Common Nail Polish Ingredients: Is It Safe?

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1. Dibutyl Phthalate (DBP)

What is it?

Dibutyl Phthalate (DBP) is a plasticizer. It makes nail polish more flexible so it’s easier to apply and doesn’t chip easily.

Is it dangerous?

The studies above were done using high concentrations of DBP. In the smaller concentrations used in nail polishes, it could be safe. But, as we don’t have any studies proving its safety (or lack of) in humans, you may want to avoid it just in case.

Verdict: Most brands don’t use it anymore, so it’s easy to avoid, anyway.

2. Formaldehyde Resin

What is it?

Formaldehyde is a preservative used to kill bacteria, fungi and germs (it’s also used to preserve dead bodies). The type used in nail polishes is Tosylamide/Formaldehyde resin. It’s there to harden the nail polish and make it more resilient.

Is it dangerous?

In high does, yeah! In the tiny amounts used in cosmetics, it’s unlikely to cause problems. Unless you’re allergic to it. Plus, Tosylamide/Formaldehyde resin is less irritating than formaldehyde itself. Still, if you’re a manicurist, nail technician or someone who paints nails a lot, make sure to do it in a well-ventilated environment so you don’t breathe in its fumes.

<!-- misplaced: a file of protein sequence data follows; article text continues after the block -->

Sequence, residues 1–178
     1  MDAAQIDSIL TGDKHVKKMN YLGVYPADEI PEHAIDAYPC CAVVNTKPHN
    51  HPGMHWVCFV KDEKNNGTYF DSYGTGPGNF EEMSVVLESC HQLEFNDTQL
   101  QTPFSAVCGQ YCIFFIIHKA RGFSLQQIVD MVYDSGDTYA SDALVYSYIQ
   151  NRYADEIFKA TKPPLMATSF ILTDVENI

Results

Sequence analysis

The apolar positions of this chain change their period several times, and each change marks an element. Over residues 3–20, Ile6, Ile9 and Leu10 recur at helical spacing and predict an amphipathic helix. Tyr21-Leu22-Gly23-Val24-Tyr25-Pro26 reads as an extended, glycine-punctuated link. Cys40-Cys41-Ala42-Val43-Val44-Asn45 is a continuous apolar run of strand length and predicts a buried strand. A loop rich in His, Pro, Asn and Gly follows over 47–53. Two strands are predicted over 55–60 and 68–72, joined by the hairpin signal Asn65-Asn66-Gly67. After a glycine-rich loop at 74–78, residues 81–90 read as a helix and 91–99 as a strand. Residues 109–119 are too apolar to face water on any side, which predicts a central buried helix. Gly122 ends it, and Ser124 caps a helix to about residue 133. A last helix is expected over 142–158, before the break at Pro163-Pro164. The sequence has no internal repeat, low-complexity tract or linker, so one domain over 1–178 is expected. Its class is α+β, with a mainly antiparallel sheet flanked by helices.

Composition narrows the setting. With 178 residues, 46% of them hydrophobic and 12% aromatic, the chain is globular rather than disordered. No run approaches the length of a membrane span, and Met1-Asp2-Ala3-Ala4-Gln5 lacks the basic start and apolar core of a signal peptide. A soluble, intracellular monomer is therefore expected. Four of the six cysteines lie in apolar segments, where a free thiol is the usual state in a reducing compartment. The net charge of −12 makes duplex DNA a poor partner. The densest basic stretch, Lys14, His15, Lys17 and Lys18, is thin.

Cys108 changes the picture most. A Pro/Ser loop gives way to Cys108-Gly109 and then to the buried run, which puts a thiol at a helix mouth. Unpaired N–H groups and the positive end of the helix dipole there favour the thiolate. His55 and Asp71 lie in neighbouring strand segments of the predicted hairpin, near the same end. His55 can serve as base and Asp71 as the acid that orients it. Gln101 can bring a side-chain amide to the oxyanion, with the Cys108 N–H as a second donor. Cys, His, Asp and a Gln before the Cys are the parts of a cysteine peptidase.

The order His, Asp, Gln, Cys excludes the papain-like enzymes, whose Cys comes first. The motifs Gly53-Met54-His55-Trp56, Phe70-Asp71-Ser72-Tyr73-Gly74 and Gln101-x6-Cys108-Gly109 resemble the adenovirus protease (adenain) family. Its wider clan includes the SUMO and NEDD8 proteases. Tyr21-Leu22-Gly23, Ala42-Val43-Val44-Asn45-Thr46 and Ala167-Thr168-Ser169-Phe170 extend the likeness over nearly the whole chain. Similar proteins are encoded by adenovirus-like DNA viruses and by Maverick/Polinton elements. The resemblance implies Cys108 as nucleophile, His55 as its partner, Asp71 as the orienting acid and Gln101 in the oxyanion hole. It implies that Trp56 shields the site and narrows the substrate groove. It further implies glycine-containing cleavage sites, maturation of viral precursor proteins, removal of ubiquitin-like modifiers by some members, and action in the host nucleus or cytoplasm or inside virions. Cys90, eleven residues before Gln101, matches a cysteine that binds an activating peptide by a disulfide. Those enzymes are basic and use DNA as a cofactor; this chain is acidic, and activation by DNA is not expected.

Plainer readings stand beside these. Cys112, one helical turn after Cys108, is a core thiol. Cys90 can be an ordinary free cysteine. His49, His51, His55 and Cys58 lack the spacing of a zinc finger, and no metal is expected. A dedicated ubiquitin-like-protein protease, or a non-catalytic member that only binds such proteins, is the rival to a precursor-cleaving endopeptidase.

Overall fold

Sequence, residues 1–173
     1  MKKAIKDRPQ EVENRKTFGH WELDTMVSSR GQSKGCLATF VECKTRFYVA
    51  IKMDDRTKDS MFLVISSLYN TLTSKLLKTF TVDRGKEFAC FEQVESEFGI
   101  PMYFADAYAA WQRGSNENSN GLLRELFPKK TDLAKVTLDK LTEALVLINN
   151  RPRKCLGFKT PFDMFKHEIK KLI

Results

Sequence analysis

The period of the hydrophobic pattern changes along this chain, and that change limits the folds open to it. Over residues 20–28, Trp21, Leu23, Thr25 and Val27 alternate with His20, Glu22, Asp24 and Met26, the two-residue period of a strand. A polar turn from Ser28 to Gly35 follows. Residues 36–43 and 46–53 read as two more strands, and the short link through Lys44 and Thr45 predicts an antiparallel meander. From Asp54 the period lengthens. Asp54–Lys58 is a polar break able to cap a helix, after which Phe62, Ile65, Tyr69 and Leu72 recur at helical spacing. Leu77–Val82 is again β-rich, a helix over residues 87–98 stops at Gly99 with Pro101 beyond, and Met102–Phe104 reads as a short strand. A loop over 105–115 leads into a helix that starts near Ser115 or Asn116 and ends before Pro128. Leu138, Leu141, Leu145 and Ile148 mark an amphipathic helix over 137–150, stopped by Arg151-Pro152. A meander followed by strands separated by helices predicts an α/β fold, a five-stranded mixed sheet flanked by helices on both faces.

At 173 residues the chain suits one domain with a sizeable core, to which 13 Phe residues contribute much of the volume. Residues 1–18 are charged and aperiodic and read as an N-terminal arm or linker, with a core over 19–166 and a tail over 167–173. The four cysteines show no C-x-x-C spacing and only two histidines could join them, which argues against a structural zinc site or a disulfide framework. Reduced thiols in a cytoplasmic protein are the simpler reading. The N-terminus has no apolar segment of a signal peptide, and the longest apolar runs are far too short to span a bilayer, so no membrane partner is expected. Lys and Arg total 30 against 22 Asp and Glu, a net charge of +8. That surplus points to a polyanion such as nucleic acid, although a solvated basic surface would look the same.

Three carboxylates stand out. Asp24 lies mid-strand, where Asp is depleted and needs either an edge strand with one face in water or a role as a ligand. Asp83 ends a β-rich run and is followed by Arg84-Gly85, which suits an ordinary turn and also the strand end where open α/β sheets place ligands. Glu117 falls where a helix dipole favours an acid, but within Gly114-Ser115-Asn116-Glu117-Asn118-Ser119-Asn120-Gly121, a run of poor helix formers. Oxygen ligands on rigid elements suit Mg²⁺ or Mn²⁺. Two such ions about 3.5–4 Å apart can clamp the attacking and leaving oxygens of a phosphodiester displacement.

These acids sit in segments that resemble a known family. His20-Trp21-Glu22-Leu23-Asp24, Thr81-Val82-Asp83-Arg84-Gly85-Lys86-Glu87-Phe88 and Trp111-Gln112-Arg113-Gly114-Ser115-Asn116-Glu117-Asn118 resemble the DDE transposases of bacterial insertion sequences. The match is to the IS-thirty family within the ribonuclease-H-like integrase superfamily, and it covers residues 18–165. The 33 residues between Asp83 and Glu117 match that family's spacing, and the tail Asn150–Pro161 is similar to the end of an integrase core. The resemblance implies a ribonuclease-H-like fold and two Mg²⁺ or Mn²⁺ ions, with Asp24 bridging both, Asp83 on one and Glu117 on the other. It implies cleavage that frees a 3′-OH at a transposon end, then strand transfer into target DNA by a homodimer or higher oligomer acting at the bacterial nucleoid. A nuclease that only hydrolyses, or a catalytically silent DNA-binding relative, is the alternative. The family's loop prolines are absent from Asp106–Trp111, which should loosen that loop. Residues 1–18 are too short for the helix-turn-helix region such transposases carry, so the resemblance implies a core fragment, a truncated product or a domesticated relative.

Verdict: Probably safe in moderation. Avoid it only if you’re allergic to it.

3. Toluene

What is it?

Toluene is a solvent. It dissolve all the pigments and other ingredients in your nail polish so it applies smoothly (no clumping).

Is it safe?

It depends. If inhaled too often over a long period of time, it can damage your lungs, liver and kindneys. But in the tiny doses used in cosmetics, it’s probably safe.

Verdict: Very likely safe in nail polishes. Just don’t drink it or inhale it (that’s when it causes problems!)

 

It is the dose that makes the poison. Dibutyl Phthalate (DBP), Formaldehyde and Toluene are dangerous in high doses, but likely harmless in the tiny amounts used in nail polishes. Most brands have removed them from their nail polishes, making them easier to avoid anyway.

 

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